Larissa Alderdice: The Alderdice Matriarch

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Photo Credit: jspring/Depositphotos.com 

It’s May, which means it’s not only spring but also the month of mothers (Mother’s Day in the United States was May 9). If we’re talking about mothers, I wanted to say a few things about Larissa Alderdice, the matriarch in my Gilded Age family saga, the Waxwood Series

I’ve done several blog posts about the Alderdice family already. I did one for Vivian Alderdice, the series protagonist, and for her brother, Jake. I even did one for Penelope Alderdice, the family specter whose hidden past kicks off the whole series. 

Larissa is a fascinating character because she is one of the focal points of the series, and yet, in each book, she remains a minor character. Her influence is not in the number of appearances she makes in each book but the mark she leaves on everyone in the family. I don’t think this is unusual when it comes to mothers. Mothers are a major source of nurture, discipline, and affection in many of our lives (mine sure is) but they often remain in the background, and their influence affects us in ways we don’t always realize until we’re adults and possibly have children of our own.

Larissa had her own beliefs, some of which are quite rigid. Her whole life evolves around society and what the Jones’ are doing. She is very much a product of the Gilded Age in that she is a part of all its opulence and excess. Like the famous Mrs. Astor, there is a “them” and there is an “us” and “we” are more superior to “them”. So, yes, she’s a snob.

Her views are somewhat mid-Victorian. There is a scene in Book 2, False Fathers where she chides her daughter for attending a suffragist meeting:

“You have a mutinous streak, Vivian,” Larissa said gently. “I’m only trying to help you.”

“Don’t worry, Mother. No blue blood woman ever strayed far from conformity.” His sister’s voice was wary.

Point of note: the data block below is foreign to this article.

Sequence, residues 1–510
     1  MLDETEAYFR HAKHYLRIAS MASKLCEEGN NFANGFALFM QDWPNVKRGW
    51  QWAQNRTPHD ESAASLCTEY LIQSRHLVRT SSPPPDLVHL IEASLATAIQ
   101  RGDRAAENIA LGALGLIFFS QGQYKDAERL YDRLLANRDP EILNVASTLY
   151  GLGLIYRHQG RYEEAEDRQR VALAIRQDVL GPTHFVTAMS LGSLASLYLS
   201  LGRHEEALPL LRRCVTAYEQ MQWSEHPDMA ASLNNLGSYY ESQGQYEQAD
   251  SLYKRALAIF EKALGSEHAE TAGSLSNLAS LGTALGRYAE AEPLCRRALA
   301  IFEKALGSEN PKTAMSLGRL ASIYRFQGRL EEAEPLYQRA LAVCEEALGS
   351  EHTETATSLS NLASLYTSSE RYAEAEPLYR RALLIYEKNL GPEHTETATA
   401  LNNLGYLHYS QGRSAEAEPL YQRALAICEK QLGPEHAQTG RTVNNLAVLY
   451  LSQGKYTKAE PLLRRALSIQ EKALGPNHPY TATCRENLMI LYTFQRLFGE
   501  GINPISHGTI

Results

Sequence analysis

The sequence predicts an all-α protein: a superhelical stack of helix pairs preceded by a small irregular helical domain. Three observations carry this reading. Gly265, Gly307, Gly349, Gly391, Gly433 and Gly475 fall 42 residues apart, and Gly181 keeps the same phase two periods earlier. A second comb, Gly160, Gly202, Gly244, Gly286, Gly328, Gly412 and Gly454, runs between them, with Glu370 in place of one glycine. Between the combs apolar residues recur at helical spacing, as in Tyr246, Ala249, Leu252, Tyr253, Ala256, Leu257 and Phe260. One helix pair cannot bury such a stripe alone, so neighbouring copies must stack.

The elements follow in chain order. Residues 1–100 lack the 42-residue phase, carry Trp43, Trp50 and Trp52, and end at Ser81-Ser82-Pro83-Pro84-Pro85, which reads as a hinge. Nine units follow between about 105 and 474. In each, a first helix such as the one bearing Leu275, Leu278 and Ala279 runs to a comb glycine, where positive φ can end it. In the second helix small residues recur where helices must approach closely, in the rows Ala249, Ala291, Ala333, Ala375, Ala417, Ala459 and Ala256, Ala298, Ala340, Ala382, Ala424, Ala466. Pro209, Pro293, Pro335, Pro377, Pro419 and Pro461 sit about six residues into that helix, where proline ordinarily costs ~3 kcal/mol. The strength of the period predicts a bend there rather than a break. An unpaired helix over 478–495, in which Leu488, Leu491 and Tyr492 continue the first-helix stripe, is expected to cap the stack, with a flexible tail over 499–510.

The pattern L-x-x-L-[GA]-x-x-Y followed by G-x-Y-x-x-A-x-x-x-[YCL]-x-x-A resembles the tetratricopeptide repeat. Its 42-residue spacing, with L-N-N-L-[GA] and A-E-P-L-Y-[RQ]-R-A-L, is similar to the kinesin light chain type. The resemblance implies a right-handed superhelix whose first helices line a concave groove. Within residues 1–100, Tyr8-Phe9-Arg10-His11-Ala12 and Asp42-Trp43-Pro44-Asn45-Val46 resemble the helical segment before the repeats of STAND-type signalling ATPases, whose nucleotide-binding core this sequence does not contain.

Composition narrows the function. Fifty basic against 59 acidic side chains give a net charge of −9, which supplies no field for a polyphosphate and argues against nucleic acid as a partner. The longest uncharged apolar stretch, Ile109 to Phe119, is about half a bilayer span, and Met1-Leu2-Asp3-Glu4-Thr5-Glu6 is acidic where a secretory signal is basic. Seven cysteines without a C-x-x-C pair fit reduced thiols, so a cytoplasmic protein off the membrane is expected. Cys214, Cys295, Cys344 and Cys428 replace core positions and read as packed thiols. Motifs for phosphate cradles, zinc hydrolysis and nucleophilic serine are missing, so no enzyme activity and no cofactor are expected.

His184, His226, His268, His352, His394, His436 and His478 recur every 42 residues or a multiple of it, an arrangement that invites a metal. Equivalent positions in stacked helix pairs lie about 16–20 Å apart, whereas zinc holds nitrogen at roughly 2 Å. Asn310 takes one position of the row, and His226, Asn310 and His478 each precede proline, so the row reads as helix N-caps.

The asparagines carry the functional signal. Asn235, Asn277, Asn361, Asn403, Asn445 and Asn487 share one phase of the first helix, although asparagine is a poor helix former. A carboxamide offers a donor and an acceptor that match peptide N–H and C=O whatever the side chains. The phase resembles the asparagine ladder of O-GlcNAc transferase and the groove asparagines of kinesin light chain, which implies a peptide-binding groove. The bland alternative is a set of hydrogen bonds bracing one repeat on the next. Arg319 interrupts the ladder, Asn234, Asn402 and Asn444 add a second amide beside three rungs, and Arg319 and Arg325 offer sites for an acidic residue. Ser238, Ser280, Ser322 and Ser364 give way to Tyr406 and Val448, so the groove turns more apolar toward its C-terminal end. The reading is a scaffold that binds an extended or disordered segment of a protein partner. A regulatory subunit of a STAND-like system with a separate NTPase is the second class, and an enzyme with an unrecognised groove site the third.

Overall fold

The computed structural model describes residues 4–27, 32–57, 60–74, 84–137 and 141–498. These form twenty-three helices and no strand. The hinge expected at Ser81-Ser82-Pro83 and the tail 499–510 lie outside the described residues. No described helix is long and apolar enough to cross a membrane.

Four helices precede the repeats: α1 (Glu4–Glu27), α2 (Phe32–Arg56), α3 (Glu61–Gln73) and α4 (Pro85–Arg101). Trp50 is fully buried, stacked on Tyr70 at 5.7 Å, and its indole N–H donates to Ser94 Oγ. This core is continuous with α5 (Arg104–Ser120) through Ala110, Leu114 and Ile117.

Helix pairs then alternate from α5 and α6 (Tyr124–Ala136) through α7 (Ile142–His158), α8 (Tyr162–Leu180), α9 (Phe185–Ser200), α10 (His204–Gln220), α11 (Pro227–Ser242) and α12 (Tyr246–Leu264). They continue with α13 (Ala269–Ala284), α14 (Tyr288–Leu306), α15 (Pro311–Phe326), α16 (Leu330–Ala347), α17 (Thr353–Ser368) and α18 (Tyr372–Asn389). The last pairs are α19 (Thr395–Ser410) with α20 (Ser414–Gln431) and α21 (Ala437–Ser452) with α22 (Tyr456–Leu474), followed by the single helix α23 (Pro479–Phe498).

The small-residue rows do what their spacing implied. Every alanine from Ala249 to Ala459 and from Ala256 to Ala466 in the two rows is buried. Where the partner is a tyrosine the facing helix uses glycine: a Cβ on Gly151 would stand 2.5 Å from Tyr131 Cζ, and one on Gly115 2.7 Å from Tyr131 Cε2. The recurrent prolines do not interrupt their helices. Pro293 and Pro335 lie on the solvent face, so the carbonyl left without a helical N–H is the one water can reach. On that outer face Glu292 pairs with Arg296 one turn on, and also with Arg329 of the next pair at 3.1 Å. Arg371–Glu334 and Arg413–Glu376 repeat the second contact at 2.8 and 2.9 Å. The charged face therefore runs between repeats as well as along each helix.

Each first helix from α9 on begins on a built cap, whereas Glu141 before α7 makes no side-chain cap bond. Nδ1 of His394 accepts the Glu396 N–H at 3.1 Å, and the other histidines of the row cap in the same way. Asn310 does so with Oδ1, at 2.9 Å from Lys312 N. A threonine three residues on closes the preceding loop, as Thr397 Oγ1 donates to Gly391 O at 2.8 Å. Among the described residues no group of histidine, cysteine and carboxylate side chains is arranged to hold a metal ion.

“Conventional life has its rewards,” [her] mother reminded her. “Comfort and peace of mind, for one.”

In other words, Larissa finds security in the separate spheres and the chaotic changes that were happening in the last decade of the 19th century and into the 20th were frightening and disturbing to her. 

Where Larissa’s maternal influence is felt most is in the third installment of the series, Pathfinding Women. In that book, the Alderdices aren’t exactly on sure footing with their Nob Hill neighbors, and this is a devastating situation for someone as social-conscious as Larissa. Her solution? Coax her daughter into chasing after a wealthy but somewhat unpolished Canadian buccaneer. Not the most liberating solution in the world, but, given Larissa’s character, predictable. What happens in the book is far from predictable, though.

But Larissa has her good points too. There is no question she is intelligent and brings her views forth in an insightful way. In False Fathers, her daughter remarks, “If social propriety hadn’t distorted your wit and intelligence, you might have achieved something in this world.” Had Larissa been a woman of the 21st century, she would probably have been an entrepreneur or a high-ranking executive of a company because her acumen and social savvy would have been channeled into more useful ways than at high society balls and dinner parties.